It took me two days overland and one and a half day in the air, but I am here. In Zanzibar.
There is a lot to say about the overland part, but I will just summarize some of it.
I found a taxi pretty quickly after I left my friends’ house in Nouakchott and told him in some sort of French that I wanted to go to the taxi station for Rosso. He drove for a while and asked me something in French, I didn’t understand and he told me something that seemed very important. He repeated it five times, using the same words, and I think he tried to explain that I could get off there and take another taxi to the station, but I was really not sure. Eventually he took me all the way there anyway and found me a taxi that left straight away.
Now, I was in Rosso. I have heard so bad things about that border-point, how corrupt it is and how nasty the staff can be. But, I was lucky as usual. The taxi driver called on a guy who spoke English, from the Gambia, and he helped me through all the customs and I got my stamp for leaving Mauritania. He helped me onto the boat that would take me across the small river onto the other side; Senegal. And then we waved goodbye.
In Senegal all the donkeys suddenly had turned into horses. My first culture-shock. I got into a taxi that would take me to Saint Louis where I would spend the night. I shared it with I don’t know how many people and a sheep. On top of the car they loaded another three sheep with their legs tied together, one of them screaming in vain all the five hours that turned into nine hours before we reached the famous coastal city.
I spent the night in a hostel and gave my last Mauritanian money and my sim-card to a girl who was on her way to the big country in the north.
It was with mixed feelings I got into that boat in Rosso. I didn’t really feel happy to go to Senegal, too many people I met in Mauritania said that Senegalese people are arrogant and nasty to tourists. Plus I didn’t know how to say goodbye to Mauritania. Somehow it felt as a big part of my life with its desert, people, culture, traditions and food. Sure I was missing knäckebröd (I still am) and vegetarian lasagna. But everything else was too exciting for me to actually prepare to leave. Even though I knew I would leave two weeks in advance, I still couldn’t get my mind to say goodbye.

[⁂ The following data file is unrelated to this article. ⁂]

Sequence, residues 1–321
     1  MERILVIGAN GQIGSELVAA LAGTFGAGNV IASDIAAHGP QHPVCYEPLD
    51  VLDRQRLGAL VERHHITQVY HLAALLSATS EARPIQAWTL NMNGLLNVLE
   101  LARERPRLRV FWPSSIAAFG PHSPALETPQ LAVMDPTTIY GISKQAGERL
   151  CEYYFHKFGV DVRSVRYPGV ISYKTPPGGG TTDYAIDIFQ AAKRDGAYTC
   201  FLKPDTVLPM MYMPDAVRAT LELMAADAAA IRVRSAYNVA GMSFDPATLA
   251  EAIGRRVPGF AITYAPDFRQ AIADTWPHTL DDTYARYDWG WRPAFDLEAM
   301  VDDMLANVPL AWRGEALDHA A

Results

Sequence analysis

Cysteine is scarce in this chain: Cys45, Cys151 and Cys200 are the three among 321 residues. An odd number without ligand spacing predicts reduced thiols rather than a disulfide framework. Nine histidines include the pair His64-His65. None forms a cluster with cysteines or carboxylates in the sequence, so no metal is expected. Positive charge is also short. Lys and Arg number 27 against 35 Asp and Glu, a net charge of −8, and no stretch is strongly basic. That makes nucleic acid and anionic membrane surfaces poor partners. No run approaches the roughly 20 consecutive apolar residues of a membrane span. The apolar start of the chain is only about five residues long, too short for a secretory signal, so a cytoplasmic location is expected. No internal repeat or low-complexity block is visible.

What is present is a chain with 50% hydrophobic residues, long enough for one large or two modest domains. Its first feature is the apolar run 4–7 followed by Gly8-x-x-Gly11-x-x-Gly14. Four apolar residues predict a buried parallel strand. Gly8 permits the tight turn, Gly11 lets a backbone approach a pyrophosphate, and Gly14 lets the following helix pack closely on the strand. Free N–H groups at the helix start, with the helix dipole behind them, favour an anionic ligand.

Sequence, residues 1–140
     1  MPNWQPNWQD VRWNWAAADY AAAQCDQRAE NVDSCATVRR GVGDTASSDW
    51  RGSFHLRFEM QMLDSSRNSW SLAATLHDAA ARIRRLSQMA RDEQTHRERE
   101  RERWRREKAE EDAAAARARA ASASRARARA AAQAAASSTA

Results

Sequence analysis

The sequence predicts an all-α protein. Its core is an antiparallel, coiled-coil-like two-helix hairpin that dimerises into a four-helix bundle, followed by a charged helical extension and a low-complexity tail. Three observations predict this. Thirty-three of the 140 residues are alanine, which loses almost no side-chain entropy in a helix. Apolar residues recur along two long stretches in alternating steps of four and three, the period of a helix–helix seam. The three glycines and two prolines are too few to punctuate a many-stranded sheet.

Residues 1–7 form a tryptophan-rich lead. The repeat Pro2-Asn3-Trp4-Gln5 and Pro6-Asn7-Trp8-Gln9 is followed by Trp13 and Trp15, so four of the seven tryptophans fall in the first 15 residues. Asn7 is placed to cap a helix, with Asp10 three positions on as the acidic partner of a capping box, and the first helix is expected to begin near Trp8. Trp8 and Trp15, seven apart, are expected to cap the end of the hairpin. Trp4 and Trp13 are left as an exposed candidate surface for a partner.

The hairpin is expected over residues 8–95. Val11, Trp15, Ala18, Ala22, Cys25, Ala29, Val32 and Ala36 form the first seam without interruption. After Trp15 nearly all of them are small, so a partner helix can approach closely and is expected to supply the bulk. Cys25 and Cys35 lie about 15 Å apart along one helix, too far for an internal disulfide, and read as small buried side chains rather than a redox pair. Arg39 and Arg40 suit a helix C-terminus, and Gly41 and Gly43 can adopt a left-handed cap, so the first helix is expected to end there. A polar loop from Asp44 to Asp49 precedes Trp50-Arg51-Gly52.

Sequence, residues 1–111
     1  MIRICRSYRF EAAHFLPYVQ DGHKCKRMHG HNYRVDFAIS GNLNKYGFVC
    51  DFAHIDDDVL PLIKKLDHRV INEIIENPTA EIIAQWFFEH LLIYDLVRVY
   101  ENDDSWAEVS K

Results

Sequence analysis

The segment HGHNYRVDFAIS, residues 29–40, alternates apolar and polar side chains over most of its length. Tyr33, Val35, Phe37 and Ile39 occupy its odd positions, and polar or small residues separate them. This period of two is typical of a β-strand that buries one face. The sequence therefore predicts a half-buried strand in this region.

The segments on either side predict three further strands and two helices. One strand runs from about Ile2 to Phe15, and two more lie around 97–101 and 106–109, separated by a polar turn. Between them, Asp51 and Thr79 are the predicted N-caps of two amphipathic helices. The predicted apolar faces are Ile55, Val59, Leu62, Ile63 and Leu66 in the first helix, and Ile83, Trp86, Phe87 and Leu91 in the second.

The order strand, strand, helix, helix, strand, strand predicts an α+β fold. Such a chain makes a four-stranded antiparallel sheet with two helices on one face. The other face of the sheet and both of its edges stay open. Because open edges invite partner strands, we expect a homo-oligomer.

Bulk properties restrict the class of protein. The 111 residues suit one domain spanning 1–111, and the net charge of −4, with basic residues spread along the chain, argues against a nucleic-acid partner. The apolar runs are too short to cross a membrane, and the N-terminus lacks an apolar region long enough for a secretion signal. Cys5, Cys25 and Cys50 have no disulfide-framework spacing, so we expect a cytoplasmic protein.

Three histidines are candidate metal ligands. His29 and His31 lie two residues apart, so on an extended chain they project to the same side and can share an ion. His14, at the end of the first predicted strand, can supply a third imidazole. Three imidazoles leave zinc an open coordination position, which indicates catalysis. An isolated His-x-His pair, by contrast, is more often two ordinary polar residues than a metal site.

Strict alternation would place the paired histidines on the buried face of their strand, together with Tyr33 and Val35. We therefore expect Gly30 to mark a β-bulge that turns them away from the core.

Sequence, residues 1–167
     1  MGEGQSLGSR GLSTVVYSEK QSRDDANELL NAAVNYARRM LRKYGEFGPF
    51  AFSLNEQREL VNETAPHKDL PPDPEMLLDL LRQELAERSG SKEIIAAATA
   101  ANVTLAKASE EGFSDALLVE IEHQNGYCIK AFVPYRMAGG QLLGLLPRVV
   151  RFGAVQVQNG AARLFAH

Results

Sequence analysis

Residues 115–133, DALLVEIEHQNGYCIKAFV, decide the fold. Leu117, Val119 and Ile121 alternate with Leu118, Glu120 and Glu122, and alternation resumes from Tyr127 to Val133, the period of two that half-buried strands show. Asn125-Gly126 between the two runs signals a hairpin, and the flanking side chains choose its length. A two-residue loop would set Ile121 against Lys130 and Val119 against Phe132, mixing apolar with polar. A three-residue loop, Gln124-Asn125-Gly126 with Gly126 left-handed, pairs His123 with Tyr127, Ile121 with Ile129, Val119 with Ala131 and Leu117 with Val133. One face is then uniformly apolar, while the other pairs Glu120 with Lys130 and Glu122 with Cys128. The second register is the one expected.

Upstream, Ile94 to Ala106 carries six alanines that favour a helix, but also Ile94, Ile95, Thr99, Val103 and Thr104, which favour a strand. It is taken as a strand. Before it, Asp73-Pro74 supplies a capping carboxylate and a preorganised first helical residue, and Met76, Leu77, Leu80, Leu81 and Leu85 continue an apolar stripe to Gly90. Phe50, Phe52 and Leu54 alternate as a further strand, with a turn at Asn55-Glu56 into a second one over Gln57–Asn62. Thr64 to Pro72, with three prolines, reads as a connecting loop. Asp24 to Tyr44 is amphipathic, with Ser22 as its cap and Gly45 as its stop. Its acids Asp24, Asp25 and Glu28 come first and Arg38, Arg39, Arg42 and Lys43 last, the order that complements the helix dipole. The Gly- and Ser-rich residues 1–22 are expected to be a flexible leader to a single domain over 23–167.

It took another day to reach Dakar, I left at nine in the morning and arrived at nine in the evening. And yes, after one and a half month in Mauritania I agree; Senegalese people sure could do with some manners and politeness, though I did meet some amazing people. One who helped me all the way from the bus to the hotel and even paid the taxi (I only had six hundred CFA left) without wanting anything in return. That whole thing took us almost two hours. Thank you.
Then there was the airplane, first landing in Togo then in Addis Ababa to change airplane and then another landing in Dar Es Salaam before, finally, reaching Zanzibar seventeen hours later. There the man giving the visas said “50 dollars for the visa.” Oh my word. “I don’t have any dollars.” I said. He asked what I had. “CFA” I told him. “What is that?” he gave me a non-understanding eye and I said it’s “Senegal, Ghana, Côte D’Ivoire, Mali…. You know, CFA.”
He did not like it. Eventually he allowed my friend who was waiting for me outside the airport to come inside and pay for me, but tried to charge him the double. “African corruption” I wanted to say, but figured it might have done it worse than it already was. The time was three in the morning but luckily my friend had his head in place. He knew the exchange rate and paid the right amount in shilling, then we left the airport. Me with another stamp in my passport. Here’s the funny thing: they gave me the wrong visa. I was supposed to get a tourist visa, but on mine it says “for any paid or non paid work.” Maybe I should try and look for a job on Zanzibar?